Tomorrow is never guaranteed to anyone, young or old. Today could be the last time to see your loved ones, which is why you mustn’t wait; do it today, in case tomorrow never arrives. I am sure you will be sorry you wasted the opportunity today to give a smile, a hug, a kiss, and that you were too busy to grant them their last wish.

Keep your loved ones near you; tell them in their ears and to their faces how much you need them and love them. Love them and treat them well; take your time to tell them “I am sorry,” “forgive me, “please,” “thank you,” and all those loving words you know.

Show your friends and loved ones how important they are to you.

A farewell letter from Gabriel Garcia Marquez on his deathbed

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Eight Tips for Winning Brains

Eight Tips for Winning Brains

Self-awareness: Train yourself to interpret other people’s facial expressions and body language by watching scenes from a movie on mute. Then watch the scene again, this time with volume, and compare how well your interpretations matched up. You can improve this skill over time.

Motivation: If you have a problem with procrastination, make large tasks feel more manageable by breaking them down into parts.

Focus: Like playing Whac-a-Mole, sometimes you can actually perform better when you’re not concentrating too hard. If something’s not coming to you despite your best efforts, try relaxing and letting the brain work on autopilot.

Emotional balance: Practice managing your emotions by changing your perspective of a situation. Research shows that if you think of a highly emotional event as a challenge rather than a problem, you can stay calmer and retain a better memory for details.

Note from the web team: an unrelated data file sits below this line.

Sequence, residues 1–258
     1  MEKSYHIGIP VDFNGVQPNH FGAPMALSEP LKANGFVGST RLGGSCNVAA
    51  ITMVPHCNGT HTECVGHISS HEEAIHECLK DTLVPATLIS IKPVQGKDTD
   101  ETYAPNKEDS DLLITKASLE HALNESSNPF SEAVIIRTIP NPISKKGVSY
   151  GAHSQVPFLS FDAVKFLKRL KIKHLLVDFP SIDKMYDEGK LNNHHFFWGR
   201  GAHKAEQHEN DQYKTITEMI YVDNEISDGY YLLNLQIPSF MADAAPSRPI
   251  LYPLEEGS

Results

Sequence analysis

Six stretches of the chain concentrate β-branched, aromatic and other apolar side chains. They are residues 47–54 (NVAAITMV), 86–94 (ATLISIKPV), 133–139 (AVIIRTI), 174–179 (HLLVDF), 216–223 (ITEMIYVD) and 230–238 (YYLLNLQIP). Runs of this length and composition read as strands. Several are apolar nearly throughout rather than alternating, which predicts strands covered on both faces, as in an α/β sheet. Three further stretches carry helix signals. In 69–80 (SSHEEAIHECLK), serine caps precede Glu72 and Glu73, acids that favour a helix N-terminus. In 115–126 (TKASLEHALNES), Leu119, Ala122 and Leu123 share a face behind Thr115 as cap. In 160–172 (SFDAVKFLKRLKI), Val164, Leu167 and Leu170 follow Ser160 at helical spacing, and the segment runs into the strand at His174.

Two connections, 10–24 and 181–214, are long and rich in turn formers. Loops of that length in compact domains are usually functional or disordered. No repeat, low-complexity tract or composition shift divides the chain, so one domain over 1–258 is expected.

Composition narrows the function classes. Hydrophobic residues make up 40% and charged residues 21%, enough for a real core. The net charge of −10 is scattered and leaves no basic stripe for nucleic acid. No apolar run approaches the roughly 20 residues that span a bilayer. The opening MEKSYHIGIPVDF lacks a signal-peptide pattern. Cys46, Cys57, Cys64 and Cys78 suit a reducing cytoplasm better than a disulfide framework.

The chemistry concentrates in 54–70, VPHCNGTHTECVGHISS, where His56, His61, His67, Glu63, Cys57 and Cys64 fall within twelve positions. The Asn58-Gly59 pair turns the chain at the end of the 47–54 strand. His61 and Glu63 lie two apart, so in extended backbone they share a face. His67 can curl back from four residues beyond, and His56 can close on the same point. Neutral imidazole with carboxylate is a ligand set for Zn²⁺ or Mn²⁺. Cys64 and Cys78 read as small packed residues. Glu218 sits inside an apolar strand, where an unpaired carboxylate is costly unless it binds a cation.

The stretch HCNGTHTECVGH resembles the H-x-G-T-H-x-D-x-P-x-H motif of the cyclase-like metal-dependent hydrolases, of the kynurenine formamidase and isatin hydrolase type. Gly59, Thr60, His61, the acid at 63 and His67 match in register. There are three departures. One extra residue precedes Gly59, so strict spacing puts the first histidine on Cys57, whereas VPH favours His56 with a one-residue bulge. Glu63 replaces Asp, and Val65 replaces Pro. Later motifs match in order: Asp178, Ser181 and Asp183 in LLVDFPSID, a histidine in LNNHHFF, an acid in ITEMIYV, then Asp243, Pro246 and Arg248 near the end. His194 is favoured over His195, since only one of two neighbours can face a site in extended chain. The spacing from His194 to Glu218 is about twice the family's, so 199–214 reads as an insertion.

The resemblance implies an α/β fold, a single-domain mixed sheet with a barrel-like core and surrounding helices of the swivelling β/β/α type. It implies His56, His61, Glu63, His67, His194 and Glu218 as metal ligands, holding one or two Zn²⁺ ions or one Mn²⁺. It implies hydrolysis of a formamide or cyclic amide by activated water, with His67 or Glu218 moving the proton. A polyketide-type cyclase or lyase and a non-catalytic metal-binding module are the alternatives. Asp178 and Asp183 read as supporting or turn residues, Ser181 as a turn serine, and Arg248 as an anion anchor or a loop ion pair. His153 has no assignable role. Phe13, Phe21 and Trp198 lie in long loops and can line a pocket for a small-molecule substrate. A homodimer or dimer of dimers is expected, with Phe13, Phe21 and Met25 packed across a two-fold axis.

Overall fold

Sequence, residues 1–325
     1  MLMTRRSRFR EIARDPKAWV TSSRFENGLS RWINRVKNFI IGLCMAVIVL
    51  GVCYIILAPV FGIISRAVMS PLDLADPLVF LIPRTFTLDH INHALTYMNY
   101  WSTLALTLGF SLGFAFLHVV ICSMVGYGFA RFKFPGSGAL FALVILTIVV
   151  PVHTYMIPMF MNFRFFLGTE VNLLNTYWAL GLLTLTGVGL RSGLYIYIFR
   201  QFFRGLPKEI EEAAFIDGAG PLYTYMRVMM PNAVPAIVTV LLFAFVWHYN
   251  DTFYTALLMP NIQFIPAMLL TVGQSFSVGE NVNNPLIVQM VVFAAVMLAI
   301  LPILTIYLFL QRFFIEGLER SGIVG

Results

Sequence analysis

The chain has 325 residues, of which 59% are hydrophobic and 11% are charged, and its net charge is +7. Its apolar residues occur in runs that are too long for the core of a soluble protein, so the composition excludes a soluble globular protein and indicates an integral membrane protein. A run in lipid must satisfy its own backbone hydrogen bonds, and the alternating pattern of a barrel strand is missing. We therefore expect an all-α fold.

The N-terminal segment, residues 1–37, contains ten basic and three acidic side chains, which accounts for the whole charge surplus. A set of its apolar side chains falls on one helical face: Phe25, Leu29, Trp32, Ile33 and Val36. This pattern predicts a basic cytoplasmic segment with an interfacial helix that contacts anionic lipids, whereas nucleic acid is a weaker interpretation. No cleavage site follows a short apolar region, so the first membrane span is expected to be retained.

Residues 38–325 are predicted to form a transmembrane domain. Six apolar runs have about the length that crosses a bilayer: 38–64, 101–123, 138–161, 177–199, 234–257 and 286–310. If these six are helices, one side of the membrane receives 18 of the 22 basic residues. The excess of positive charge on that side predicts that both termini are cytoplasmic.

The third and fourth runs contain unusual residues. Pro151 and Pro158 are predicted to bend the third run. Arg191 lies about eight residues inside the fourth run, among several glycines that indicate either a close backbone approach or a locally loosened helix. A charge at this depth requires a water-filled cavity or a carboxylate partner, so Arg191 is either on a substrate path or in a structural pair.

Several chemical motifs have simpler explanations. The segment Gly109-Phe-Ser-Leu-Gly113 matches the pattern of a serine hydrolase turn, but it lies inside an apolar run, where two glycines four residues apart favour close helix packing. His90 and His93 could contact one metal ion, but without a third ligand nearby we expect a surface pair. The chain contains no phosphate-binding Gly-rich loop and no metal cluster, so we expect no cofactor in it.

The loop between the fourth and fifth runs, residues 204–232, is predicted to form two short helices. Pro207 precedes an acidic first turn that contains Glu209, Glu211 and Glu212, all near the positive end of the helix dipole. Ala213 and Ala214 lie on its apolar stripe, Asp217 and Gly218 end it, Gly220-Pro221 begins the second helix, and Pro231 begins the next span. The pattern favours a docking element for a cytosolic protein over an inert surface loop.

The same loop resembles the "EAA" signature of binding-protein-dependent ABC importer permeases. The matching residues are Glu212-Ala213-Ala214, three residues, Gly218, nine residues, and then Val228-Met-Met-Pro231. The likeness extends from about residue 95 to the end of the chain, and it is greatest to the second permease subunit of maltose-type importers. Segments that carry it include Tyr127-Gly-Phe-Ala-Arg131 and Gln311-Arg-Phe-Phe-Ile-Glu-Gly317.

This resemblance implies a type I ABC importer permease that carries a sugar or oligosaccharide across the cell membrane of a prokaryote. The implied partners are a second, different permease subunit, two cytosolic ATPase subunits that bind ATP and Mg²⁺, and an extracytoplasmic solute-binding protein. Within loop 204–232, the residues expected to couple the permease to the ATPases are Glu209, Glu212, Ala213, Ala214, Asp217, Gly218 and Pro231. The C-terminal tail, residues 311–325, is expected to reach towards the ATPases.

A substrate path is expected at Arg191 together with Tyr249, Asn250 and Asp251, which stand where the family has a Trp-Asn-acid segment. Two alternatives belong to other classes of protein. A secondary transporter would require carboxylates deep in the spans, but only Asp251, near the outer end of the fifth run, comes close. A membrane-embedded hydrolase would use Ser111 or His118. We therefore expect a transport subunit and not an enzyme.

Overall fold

Memory: “Edit your brain,” the authors say. Recognize and consciously purge useless information. Imagine sweeping it away, so you can concentrate on more useful data.

Resilience: When you’re in a tough spot, think of a “resilience role model,” a parent, teacher or mentor, and ask yourself what they would do in your situation. That way, you’ll have more than your own resources to draw upon.

Adaptability: Try a few minutes of meditation a day to calm your thoughts. Studies show “regular yoga and meditation can increase cortical thickness in as little as eight weeks.”

Brain care: Research suggests that 30 minutes of moderate physical activity, three times a week, can help strengthen your mind.

by Mark Fenske and Jeff Brown in their new book The Winner’s Brain.

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Barack Obama’s Letter to his Daughters

I often post articles, stories, short phrases, quotes and other literature that I consider motivational. Motivation can be defined as the driving force behind all the actions of an individual. People are inspired or motivated in different ways. I believe we could always use more motivation because the world in which we live is too often characterized by competition and self-interest, rather than the values we are asked to promote in the workplace, like teamwork and working towards the public good.

Upon winning the Presidency, Barack Obama wrote a letter to his two daughters. The letter didnt garner much media attention, however it did make its way around the internet fairly quickly, instilling a sense of optimism upon the people that read it. I am sharing it here not only as a source of motivation, but as a demonstration of leadership in public service values and ethics shared innocently in a letter from a father to his children.
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Dear Malia and Sasha,

I know that you’ve both had a lot of fun these last two years on the campaign trail, going to picnics and parades and state fairs, eating all sorts of junk food your mother and I probably shouldn’t have let you have. But I also know that it hasn’t always been easy for you and Mom, and that as excited as you both are about that new puppy, it doesn’t make up for all the time we’ve been apart. I know how much I’ve missed these past two years, and today I want to tell you a little more about why I decided to take our family on this journey.